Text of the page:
Monday, April 25, 2011

Eutopia - The Trailer

With the official bookstore release of Eutopia: A Novel of Terrible Optimism just a week off, we figured it was high time to unleash this on the world. Eutopia: A Novel of Terrible Optimism, the Trailer. Karen Fernandez and I shot this past summer, and Karen put it all together, in hopes - optimistic hopes, if that's not redundant - that book trailers actually work at getting readers to buy books.

We'll see how it goes. There's some fine, terrifying music - by Jon and Al Kaplan, the composers of Silence - The Musical and other morsels - and a good dose of backwoods evil.  Go have a look.

The trailer's also embedded in the brand new Eutopia section of The Devil's Exercise Yard, right here. Go there, and you can see all the reviews that have emerged so far, some Lawrence Nickle illustrations that are otherwise only in the limited edition hardcover, and a sample chapter.

And as long as you're clicking through, check out this review from Paul Goat Allen at Barnes and Noble's community blog. He writes, among other things in a very kind review:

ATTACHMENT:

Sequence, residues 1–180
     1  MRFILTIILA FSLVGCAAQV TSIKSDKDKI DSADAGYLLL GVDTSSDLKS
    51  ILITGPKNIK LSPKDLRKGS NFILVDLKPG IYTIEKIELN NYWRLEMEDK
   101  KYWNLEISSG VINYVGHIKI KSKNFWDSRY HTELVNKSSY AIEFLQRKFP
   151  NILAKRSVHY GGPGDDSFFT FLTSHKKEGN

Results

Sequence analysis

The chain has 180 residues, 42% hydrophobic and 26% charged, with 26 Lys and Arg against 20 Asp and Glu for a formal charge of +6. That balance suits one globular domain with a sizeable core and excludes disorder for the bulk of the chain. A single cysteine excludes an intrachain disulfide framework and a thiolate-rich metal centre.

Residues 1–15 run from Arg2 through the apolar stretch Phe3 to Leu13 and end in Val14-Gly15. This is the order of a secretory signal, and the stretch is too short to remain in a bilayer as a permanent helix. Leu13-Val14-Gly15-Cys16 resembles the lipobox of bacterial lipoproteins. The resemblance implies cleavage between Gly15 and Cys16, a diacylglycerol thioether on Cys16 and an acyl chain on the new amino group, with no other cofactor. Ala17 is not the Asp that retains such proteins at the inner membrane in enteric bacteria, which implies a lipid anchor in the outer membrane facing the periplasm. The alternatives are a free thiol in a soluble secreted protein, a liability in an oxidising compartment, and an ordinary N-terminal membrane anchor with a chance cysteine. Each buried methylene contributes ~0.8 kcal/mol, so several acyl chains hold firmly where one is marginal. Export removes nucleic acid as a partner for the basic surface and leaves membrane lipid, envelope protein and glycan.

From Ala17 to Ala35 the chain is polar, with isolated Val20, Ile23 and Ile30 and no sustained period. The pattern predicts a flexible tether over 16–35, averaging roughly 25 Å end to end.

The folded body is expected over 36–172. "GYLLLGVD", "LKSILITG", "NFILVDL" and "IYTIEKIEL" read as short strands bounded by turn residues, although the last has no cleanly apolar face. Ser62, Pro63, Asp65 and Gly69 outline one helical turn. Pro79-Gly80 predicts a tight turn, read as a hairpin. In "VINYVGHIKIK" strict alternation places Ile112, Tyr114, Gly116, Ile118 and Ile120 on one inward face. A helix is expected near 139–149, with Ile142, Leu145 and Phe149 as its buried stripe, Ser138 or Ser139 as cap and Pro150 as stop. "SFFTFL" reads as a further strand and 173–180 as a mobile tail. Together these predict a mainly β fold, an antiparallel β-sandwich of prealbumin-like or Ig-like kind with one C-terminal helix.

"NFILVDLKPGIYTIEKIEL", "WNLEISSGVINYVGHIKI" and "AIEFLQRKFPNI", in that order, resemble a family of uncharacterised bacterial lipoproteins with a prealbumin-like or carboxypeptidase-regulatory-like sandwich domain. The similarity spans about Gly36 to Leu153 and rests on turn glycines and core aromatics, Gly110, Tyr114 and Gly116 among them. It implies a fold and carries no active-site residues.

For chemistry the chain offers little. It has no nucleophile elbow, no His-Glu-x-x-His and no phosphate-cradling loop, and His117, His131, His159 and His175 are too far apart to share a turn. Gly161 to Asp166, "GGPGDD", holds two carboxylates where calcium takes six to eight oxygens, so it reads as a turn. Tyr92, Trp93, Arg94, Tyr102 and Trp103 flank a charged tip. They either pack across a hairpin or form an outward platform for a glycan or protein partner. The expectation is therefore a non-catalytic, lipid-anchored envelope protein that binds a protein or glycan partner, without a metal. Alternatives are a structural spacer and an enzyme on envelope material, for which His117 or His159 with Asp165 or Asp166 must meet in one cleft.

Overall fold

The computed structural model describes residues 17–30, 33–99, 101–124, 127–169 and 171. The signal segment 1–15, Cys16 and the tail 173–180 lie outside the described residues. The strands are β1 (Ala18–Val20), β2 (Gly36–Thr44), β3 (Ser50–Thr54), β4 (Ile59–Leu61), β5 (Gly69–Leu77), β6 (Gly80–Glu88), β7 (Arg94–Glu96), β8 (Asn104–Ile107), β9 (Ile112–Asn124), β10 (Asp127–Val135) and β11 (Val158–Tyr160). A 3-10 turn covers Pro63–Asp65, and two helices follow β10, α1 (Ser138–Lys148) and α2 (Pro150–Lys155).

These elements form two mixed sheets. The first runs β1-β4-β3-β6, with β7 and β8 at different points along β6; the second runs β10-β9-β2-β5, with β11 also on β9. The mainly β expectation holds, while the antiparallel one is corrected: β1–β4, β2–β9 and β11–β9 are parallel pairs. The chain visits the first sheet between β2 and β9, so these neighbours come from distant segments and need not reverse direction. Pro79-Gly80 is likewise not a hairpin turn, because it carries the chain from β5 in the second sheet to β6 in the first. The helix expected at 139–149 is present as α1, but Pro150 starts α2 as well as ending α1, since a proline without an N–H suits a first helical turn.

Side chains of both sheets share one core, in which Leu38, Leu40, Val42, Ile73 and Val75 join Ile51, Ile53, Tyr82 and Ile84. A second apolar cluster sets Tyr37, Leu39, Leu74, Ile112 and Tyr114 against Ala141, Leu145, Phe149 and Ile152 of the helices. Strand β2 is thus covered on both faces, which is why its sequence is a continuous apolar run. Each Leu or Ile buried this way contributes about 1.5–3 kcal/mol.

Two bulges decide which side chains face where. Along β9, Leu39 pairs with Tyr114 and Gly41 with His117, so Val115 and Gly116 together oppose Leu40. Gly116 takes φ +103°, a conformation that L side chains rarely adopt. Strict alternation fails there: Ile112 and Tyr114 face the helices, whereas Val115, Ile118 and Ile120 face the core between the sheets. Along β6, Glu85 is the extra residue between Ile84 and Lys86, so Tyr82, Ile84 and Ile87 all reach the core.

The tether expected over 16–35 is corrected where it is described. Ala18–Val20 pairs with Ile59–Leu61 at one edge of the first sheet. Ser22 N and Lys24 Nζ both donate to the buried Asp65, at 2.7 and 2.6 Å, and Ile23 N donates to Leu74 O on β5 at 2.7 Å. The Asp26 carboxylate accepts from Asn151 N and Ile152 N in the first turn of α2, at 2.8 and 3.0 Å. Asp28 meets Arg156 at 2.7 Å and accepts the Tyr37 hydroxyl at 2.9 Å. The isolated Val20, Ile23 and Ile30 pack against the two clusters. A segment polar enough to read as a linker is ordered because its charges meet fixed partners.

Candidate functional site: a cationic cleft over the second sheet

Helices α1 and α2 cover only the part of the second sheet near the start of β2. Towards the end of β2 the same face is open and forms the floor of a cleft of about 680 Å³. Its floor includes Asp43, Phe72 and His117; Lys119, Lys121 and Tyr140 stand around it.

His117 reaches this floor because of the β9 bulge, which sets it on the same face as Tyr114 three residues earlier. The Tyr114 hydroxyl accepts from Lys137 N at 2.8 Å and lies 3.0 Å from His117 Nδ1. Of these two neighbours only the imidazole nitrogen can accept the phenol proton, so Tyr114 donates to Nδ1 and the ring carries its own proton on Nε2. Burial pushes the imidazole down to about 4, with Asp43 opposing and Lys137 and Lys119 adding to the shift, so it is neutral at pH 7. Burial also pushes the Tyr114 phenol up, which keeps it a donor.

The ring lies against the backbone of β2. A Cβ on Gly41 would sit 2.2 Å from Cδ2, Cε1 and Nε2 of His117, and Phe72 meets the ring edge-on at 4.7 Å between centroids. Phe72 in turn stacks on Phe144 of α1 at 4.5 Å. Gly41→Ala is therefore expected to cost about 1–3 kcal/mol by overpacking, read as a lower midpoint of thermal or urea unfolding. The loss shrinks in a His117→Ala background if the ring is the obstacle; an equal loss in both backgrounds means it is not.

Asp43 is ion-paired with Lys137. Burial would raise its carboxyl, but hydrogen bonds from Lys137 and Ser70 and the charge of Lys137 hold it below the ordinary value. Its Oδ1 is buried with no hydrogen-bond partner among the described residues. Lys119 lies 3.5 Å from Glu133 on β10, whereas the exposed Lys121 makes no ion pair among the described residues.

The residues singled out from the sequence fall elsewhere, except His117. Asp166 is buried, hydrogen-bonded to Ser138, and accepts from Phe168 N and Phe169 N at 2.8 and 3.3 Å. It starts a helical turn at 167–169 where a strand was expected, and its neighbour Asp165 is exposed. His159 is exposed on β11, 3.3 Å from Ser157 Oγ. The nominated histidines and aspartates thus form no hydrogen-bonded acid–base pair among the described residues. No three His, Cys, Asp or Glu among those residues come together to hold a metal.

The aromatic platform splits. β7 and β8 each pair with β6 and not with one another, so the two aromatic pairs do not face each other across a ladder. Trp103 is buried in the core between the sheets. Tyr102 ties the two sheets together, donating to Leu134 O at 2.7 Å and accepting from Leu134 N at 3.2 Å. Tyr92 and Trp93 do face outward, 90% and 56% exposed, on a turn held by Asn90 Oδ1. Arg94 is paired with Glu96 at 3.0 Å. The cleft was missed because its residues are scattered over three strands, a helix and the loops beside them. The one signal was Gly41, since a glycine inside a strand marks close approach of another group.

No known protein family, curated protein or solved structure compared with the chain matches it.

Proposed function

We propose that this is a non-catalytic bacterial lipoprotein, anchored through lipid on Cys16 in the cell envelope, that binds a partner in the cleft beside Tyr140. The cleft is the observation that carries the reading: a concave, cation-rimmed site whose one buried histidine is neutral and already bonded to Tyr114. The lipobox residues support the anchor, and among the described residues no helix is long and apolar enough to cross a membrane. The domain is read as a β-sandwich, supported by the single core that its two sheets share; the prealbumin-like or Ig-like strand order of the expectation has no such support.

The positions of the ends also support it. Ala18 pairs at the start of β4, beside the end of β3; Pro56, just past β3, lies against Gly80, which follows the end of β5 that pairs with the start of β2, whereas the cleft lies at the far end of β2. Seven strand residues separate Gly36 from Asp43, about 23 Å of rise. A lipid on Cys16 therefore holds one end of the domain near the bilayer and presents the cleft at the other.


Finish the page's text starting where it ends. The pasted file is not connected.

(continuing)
"Nickle’s debut novel Eutopia – an entrancing amalgam of historical thriller, dark fantasy and weird fiction – is an utterly creepy, bladder-loosening, storytelling tour de force."

Friday, April 22, 2011

Stephen and I...

You go along in a writing career, and you hope for certain milestones. Selling the first short story; selling the first novel; winning an award... and, if you write horror, getting a major newspaper review comparing your book to Stephen King's work, in the days when he was really on fire and putting out books like The Shining, Misery and Pet Sematary... the early Dark Tower volumes...

Well, today I can scratch that one off the list. Alex Good of the National Post offered up a very kind review of Eutopia: A Novel of Terrible Optimism, that had, among other things, this to say:

"Toronto author David Nickle's debut novel, the followup to his brilliantly wicked collection of horror stories Monstrous Affections, establishes him as a worthy heir to the mantle of Stephen King. And I don't mean the King of Under the Dome or other recent flops, but the master of psychological suspense who ruled the '80s with classics like Pet Sematary."
Here's the review, at the National Post.

And happily, it comes as e-books and dead-tree versions of the novel are downloading/shipping from, right here.


Tuesday, April 19, 2011

The e-books are on the march....

It's a couple of weeks now before the official release date of Eutopia, but that date really only applies to the dead tree versions of the novel. E-books are out there, as of this week. E-junkie is selling MOBI, EPUB and PDF versions, right here. has also released the Kindle version, right here, and the Kobo store's selling the Kobo EPUB version over at Chapters-Indigo, right here.

Dead tree version should be hitting bookstores and Amazon May 3. And ChiZine Publications will be launching it in Austin, Texas, at the World Horror Convention, a few days before. That's where I'll be too. Right here.